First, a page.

Book Review: “The Country Under My Skin” -by Gioconda Belli

In Nicaragua 1979, after years of dictatorship, the Samoza dynasty came to an end when the Samozas fled the country along with their followers. The nation was euphoric, but still in chaos since the state had been quickly and completely dissolved; no courts, police, army, or government ministries. Suring the dictatorship, the newspapers were also discontinued. The author herself, and the rest of the Sandinistas (revolutionaries) created headlines to provide the people. They shouted “Freedom” while passing out the papers and the people cheers “or death” completing the Sandinista war cry, now a symbol of victory. By 1980 the Allied troops had taken over Nicaragua. The people were happier without the dictatorship, but the country still needed many improvements. The country was starting over from scratch. At the same time Belli was placed in charge of the State Television station. As a Sandinista with past experience and an education in advertising, she was perfect for the job. She tried to move away from American Sitcoms like “I dream of Jeanie” and air things like science and nature documentaries or shows they could create themselves: interviews with guerilla leaders and a news hour. They also aired Jack Cousteau and Charlie Chaplin films, but eventually due to limited resources the shows grew repetitive and the sitcoms were returned. The birth of Nicaragua didn’t impact Belli the way she had anticipated. She wasn’t as excited and found her new obligations tiresome. She had told her daughters that after the revolution she would be able to spend more time with them. Instead she had even more responsibilities that demanded her time. The Sandinistas had so much too with little money and resources. They began planning ways to improve living conditions for Nicaraguans. They quickly formed a sort of military and these new police were so friendly the people referred to them as compitas (buddies). The Sandinistas were also able to improve general residential housing. Since so many people fled the country with the Samoza’s there were numerous houses and land available for redistribution to the people. The same year of the revolution, Cuba held the 6th summit conference of the non-aligned movement and Nicaragua applied for membership to the non-aligned countries. The purpose of this program was to “ensure national independence sovereignty, territorial integrity, and security”, since Nicaragua had been left vulnerable without the protection of an established government. Many Sandinista leaders attended the conference and while visiting Cuba, Fidel Castro expressed his concerns regarding the direction Nicaragua was headed. Partially due to those close ties with socialist Cube, the United States labeled the Sandinistas as communists. That was not what the revolutionaries were fighting for. Their main goal was to end the oppressive Samoza dictatorship and improve overall living conditions for all Nicaraguans. They also wanted to minimize the gap between the rich and the poor. The Sandinistas tried to move away from Cuba’s and Russia’s ideals and looked for a new kind of socialism that would work for their country. After the conference the Sandinistas visited many other socialist countries, Russia, East Germany, Bulgaria, Algeria, and Libya where they met guerilla leaders like Vo Nguyen Giap. The purpose of these visits was to secure several allies in defense against he National Guard and the United States. These efforts had the opposite effect and just instigated aggression. The Sandinistas had already drawn too much attention to themselves and Nicaragua, so when they met with fellow revolutionaries and guerillas in countries not on good terms with the United States, of course they would take action. Another way the Sandinistas tried to help the people was by forming the national crusade for literacy. Thousands of teenagers left their homes and spread across the country to teach people how to read, of which 70% were illiterate. The people would be able to read labels, directions and could gather new knowledge for themselves. The program wasn’t just about illiteracy. It was also a way to show the country would change though “Solidarity and generosity, not weapons.” To make things worse for Nicaragua, President Reagan canceled the final loan Carter granted them and also a loan the nation was going to use for wheat. Additionally, Reagan cut off all lines of credit after learning Nicaragua was providing Salvadorian Guerillas with arms. The United States funded the previous National Guard of Nicaragua as well. These events influenced the rapid decline of the relationship between Nicaragua and the United States. In response, the Sandinistas provoked the Reagan administration, toughened their stance and executed more laws creating more enemies within the nation. In 1982 the U.S. demanded Nicaragua establish a fully functioning democracy within two years, but Nicaragua didn’t have experience in this area since they had been under a dictatorship since 1934. They were also extremely low on resources and money. Things like toilet paper were scarce and the grocery stores were empty. The only way to bring money back into the country was through farming; all the prime agriculture was exported. Nicaragua was headed down hill. In 1983 the United States’ CIA got involved. They bombed an airplane that damaged the Managua airport, and also attacked Nicaragua oil reserves. These events caused the public to lose faith in the Sandinistas and the developing nation. “They had brought the country head-to-head with the United States and the people were paying the price.”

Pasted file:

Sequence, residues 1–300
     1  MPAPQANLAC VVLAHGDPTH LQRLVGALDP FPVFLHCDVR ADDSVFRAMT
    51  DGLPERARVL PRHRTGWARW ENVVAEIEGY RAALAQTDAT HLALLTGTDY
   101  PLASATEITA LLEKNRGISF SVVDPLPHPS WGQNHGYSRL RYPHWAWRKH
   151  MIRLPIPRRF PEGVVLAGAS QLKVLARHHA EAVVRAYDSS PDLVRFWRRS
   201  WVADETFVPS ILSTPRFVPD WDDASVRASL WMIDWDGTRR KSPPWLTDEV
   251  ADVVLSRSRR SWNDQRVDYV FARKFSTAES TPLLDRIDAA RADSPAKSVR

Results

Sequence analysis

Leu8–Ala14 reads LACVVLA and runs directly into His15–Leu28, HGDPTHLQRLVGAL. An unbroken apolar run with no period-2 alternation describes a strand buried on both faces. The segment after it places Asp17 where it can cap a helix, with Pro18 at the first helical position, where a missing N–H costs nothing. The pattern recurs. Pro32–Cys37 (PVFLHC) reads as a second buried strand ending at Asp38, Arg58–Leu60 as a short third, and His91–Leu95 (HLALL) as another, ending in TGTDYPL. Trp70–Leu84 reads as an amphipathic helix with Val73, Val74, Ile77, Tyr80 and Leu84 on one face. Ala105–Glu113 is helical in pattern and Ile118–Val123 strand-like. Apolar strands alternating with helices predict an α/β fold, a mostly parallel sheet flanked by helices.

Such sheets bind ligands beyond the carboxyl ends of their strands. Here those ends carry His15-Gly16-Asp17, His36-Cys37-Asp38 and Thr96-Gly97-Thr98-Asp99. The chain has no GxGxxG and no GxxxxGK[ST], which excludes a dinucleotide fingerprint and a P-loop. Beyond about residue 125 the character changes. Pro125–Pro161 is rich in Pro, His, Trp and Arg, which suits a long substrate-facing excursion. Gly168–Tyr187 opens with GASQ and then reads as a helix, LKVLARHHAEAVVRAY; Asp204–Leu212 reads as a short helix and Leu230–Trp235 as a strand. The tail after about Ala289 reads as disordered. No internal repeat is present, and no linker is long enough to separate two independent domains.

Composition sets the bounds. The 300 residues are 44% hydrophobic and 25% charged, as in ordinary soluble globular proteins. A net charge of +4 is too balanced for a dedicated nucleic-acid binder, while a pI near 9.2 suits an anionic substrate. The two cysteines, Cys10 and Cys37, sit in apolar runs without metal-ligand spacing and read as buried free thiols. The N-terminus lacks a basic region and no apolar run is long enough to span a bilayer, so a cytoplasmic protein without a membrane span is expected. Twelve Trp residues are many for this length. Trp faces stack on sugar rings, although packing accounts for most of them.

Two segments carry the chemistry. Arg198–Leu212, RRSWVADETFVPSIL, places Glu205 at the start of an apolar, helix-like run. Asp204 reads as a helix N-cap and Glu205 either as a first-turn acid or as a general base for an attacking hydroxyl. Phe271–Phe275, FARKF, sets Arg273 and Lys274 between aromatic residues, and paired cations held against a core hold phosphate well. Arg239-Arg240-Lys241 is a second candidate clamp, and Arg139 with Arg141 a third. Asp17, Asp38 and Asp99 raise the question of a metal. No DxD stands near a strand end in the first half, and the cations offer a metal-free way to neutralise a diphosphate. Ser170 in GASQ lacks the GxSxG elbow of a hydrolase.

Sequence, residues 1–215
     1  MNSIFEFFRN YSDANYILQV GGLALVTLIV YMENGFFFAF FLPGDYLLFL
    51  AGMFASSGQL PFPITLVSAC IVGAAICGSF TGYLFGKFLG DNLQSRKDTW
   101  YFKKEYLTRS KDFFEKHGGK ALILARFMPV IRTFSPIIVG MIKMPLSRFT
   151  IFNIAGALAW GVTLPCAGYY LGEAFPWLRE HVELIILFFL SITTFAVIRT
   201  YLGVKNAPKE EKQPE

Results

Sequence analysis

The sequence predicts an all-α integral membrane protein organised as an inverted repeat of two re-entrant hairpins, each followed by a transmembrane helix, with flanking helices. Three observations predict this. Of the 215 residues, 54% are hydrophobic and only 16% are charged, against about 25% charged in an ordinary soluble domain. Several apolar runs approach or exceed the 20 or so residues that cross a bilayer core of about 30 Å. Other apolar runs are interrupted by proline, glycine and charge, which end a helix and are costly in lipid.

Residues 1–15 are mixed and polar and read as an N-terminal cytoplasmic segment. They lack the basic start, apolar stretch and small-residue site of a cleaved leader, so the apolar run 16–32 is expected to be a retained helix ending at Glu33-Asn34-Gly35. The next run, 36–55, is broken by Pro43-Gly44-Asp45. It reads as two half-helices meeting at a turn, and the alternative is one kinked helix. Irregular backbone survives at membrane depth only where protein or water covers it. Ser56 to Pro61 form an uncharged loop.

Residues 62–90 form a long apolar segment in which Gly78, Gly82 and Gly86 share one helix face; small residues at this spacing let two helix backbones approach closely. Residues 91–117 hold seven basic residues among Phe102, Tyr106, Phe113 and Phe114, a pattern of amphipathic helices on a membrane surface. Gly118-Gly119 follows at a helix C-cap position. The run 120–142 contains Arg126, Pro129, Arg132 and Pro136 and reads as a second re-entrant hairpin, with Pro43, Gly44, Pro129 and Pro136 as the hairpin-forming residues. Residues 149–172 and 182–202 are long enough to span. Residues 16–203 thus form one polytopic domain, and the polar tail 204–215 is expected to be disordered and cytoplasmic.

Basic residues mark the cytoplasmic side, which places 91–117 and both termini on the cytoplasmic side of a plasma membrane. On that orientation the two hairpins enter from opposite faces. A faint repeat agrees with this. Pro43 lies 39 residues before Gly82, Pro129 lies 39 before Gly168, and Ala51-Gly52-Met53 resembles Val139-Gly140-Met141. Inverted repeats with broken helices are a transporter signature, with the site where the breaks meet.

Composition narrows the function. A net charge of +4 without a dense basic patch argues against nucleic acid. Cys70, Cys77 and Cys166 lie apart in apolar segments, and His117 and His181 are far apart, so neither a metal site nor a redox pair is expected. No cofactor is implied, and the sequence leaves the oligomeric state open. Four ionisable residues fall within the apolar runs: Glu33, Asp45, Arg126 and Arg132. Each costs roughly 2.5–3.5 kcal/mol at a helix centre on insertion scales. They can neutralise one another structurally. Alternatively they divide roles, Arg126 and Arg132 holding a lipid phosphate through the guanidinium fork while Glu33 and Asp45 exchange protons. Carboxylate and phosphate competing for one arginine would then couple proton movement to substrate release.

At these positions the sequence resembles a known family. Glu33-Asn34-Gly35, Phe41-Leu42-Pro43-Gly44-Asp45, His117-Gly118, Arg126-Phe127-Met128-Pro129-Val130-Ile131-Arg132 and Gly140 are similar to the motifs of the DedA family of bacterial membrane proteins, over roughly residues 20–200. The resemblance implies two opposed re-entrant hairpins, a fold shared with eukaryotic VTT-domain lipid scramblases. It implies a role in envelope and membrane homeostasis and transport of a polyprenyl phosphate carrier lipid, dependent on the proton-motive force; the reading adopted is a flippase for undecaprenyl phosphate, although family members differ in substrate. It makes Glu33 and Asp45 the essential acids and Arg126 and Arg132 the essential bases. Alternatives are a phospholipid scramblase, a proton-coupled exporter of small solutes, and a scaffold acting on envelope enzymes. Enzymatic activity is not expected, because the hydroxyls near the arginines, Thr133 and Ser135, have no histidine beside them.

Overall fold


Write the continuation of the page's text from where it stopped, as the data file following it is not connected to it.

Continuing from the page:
– This post written by Amanda Treadwell (2011)

This entry was posted in Memoirs, Nicaragua and tagged , , , , , , . Bookmark the permalink.

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